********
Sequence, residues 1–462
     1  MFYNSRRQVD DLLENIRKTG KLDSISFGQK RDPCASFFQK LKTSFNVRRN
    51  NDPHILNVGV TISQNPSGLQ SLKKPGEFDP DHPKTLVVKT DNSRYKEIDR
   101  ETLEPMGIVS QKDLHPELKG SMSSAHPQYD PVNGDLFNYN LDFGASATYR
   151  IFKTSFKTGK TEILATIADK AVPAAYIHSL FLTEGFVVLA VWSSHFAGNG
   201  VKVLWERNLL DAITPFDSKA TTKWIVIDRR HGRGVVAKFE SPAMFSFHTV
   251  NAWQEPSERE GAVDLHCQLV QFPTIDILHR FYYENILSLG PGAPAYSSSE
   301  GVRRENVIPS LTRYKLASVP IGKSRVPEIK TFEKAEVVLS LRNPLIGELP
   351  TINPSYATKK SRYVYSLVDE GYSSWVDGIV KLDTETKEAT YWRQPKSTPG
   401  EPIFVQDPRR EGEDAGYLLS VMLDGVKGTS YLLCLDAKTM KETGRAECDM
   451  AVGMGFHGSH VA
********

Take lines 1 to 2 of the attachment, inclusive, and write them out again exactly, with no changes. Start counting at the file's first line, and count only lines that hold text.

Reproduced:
Sequence, residues 1–462
     1  MFYNSRRQVD DLLENIRKTG KLDSISFGQK RDPCASFFQK LKTSFNVRRN